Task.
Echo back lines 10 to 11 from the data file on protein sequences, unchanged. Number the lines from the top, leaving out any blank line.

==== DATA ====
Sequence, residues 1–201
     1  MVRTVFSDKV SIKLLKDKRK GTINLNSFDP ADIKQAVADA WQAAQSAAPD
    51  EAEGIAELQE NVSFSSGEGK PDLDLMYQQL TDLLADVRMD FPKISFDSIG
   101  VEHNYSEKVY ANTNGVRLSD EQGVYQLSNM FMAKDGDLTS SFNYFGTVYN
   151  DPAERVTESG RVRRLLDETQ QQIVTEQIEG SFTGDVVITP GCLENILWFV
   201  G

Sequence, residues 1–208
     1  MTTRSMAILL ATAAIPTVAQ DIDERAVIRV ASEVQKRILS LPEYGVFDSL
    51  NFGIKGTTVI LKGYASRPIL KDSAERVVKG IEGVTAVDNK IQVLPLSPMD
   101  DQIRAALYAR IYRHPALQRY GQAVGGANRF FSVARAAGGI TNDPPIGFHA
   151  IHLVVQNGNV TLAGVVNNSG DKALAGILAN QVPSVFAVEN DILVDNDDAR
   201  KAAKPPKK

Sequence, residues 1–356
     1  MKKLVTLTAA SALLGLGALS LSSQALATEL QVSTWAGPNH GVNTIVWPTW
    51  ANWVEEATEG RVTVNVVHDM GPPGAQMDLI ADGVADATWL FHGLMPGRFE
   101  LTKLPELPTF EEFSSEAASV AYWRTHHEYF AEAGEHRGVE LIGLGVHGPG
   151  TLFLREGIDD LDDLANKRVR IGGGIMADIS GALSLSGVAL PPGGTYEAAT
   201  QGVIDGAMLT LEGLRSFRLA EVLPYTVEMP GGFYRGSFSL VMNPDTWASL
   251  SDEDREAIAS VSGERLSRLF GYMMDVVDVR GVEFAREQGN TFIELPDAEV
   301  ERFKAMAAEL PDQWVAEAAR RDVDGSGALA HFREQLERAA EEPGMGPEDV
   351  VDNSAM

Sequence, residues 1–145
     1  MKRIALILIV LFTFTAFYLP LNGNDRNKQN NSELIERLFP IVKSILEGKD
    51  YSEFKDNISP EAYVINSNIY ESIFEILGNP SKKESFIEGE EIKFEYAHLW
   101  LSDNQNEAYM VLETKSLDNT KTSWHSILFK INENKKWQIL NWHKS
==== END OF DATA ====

   101  DQIRAALYAR IYRHPALQRY GQAVGGANRF FSVARAAGGI TNDPPIGFHA
   151  IHLVVQNGNV TLAGVVNNSG DKALAGILAN QVPSVFAVEN DILVDNDDAR